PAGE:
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July 25, 2011


DiNapoli: New York City Financial Position Improved,
But Challenges Remain

New York City has adopted a $65.9 billion balanced budget for Fiscal Year 2012, but it relies on more than $5 billion in nonrecurring resources to achieve that, according to a review of the city's fiscal plan released today by New York State Comptroller Thomas P. DiNapoli. These nonrecurring resources will have to be replaced in subsequent years.

"While the national economic recovery has recently hit a rough patch, there are reasons to be cautiously optimistic about the city's recovery from the financial crisis," said DiNapoli. "Private sector industries have begun to add jobs and the unemployment rate, while high, has declined from its peak. However, in the absence of a stronger recovery or relief from federal and state mandates, closing the structural budget gap in the coming years will be challenging."

DiNapoli identified several factors that could create obstacles for the economic recovery including the European sovereign debt crisis, failure to raise the federal debt ceiling, federal budget cuts, interest rate hikes, high energy costs and high consumer debt levels.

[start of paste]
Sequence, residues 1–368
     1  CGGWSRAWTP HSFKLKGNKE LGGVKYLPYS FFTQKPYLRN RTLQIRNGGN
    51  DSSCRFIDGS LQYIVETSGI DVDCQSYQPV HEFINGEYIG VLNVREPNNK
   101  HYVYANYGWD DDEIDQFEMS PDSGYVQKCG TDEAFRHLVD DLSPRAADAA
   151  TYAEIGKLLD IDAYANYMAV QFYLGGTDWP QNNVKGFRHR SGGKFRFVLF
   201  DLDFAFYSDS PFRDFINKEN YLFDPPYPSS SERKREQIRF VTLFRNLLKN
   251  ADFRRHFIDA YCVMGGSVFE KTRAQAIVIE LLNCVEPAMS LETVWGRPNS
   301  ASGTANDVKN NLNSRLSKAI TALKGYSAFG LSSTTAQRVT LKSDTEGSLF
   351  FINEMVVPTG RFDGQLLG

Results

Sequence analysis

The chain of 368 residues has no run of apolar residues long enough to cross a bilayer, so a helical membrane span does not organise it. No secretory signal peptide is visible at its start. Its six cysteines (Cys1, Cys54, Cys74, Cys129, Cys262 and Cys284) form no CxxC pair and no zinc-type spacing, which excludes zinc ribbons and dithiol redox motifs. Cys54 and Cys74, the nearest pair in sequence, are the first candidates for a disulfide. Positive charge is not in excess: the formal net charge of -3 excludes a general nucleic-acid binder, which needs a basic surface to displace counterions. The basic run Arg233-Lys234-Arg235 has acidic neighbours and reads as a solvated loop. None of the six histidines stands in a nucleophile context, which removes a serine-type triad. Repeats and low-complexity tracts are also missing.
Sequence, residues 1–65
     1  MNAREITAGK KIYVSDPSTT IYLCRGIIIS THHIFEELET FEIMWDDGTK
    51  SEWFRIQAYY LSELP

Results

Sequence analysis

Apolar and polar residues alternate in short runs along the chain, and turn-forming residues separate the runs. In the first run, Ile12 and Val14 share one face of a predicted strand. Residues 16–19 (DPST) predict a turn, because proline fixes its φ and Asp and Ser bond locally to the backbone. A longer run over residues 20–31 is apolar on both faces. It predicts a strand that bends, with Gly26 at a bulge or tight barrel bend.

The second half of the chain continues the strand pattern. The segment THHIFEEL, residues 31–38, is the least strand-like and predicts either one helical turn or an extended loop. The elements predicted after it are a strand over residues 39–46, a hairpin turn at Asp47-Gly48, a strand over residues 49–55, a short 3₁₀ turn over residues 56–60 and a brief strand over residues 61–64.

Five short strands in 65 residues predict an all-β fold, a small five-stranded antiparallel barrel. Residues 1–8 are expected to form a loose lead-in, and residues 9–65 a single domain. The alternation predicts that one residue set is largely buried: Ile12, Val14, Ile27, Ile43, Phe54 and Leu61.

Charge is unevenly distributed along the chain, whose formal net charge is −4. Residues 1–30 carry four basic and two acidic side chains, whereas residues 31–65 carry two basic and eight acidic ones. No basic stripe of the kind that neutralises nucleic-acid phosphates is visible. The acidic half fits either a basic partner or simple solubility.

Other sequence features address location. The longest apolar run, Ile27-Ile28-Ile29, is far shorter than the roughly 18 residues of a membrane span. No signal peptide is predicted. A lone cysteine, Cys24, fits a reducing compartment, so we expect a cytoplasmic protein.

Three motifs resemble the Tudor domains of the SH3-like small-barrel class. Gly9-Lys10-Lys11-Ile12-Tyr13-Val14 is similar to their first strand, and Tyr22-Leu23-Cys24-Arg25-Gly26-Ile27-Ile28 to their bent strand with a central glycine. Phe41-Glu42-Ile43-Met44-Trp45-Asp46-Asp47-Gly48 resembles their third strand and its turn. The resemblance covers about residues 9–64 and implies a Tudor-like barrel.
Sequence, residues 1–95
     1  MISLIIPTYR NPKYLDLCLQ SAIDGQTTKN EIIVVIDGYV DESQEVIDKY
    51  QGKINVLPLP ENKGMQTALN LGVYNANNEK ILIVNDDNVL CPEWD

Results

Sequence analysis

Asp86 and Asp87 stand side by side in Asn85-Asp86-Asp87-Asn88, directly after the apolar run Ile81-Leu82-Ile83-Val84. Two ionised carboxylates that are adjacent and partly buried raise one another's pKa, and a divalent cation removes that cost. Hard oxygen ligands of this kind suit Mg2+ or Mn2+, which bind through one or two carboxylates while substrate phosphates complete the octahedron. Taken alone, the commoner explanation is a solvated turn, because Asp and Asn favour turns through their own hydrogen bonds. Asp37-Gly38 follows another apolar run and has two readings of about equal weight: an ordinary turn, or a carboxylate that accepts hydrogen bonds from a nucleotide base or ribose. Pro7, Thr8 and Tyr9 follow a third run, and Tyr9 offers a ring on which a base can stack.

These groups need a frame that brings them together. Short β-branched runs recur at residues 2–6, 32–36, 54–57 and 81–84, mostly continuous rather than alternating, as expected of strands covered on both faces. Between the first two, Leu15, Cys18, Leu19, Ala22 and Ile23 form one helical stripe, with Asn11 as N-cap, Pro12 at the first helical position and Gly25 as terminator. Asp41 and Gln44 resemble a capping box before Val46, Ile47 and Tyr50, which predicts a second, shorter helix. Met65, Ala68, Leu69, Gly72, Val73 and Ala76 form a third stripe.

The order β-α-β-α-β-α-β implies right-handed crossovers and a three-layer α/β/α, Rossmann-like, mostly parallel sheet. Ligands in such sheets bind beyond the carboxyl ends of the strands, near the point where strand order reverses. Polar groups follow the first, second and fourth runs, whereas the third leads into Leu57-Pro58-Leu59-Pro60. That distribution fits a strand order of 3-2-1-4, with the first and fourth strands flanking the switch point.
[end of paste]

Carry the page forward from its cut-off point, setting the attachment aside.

Wall Street had a strong start to 2011, earning $9.3 billion, nearly half of the city's $20 billion forecast for the entire year during the first quarter. However, weaker second quarter results have led to talk of renewed job losses. While the securities and banking sectors continue to deal with fallout from the financial crisis, Wall Street's dramatic turnaround since 2008 has been the most significant factor contributing to the city's recovery.

As the state and federal governments focus on balancing their budgets, the amount of financial assistance to New York City could be reduced. Current efforts to reduce the federal deficit will likely lead to cuts in aid to localities, which could hit New York City hard.

Coming out of the recession, New York City is in a much stronger position than most jurisdictions, but the city still projects a budget gap of $4.6 billion for FY 2013 and even larger gaps in subsequent years because of its heavy reliance on nonrecurring resources and the growth in nondiscretionary expenses.

For a copy of the report, click here or visit:

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